Committee: House Health and Government Operations
Position: Support with Amendment
The Maryland Catholic Conference offers this supporting testimony with amendment to House Bill 247. The Catholic Conference represents the public policy interests of the three (arch)dioceses serving Maryland, the Archdioceses of Baltimore and Washington and the Diocese of Wilmington, which together encompass over one million Marylanders.
House Bill 247 addresses an important issue – the health of women and the health of their babies in their birth; specifically birth by cesarean section by requiring the Maryland Health Care Commission (MHCC), in consultation with the Maternal and Child Health Bureau, the Vital Statistics Administration, and interested stakeholders to conduct a study regarding the surgical birth rate in the State.
According to the Centers for Disease Control and Prevention (CDC), in their latest Vital Statistics report (2017), Maryland’s rate of cesarean section was 34.9 percent, the sixth highest among all states and territories. This statistic is highly alarming as Maryland’s maternal mortality rate (MMR) is 29 percent; which is also above the national average.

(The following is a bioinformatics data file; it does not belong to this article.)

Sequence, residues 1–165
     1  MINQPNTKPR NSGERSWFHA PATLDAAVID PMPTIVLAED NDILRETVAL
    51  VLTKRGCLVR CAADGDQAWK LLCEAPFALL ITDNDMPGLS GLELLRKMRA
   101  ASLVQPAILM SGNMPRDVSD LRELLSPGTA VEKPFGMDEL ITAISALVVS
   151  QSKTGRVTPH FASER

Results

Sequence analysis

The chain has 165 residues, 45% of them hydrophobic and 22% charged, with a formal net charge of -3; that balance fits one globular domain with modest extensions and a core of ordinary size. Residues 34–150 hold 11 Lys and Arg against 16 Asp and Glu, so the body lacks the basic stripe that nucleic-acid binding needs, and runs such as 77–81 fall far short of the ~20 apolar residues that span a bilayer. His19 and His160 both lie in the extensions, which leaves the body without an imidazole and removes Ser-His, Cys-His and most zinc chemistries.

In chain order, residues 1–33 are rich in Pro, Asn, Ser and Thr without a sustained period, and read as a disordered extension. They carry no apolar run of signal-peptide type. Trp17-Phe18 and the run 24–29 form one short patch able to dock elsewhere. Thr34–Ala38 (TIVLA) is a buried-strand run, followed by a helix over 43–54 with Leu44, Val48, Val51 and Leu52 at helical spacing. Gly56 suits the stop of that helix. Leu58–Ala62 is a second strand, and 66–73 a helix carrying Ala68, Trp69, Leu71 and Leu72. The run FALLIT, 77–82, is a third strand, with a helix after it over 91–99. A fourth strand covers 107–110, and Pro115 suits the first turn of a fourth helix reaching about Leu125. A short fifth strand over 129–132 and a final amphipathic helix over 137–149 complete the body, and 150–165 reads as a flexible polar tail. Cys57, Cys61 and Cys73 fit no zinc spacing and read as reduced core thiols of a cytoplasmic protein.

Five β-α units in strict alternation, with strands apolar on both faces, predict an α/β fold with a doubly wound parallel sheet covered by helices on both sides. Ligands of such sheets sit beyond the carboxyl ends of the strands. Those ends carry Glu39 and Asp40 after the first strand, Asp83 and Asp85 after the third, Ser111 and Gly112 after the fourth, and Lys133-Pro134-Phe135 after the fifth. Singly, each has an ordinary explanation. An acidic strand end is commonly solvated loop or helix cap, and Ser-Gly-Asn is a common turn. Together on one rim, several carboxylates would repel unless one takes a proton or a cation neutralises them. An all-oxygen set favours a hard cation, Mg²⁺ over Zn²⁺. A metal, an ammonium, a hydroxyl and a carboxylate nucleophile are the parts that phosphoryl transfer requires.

Cesarean births come with the possibility of many risks, including maternal mortality caused by hemorrhage or increased blood loss, injury to organs, adhesions, infections, and reactions to medications. While the goal of the study is to examine factors contributing to the State’s surgical birth rate, it fails to list what those contributing factors may be.
The attached amendment would ensure that ALL contributing factors are examined as these are an integral part of determining the cause behind Maryland’s high surgical birth rate. Without examining the full scope of the problem, a solution cannot be presented.
It is for these reasons that the Maryland Catholic Conference asks for a favorable report, inclusive of the attached amendment, for House Bill 247. Thank you for your consideration.
Page 2, line 3: after “examine factors contributing to the State’s surgical birth rate, including”, insert “previous premature births and to term pregnancies as well as post-term births, miscarriages and abortions, fetal distress, birth defects or abnormalities, chronic health conditions, substance intake and usage, cord prolapse, cephalopelvic disproportion (CPD), placenta issues, carrying multiples, prolonged labor, abnormal positioning,”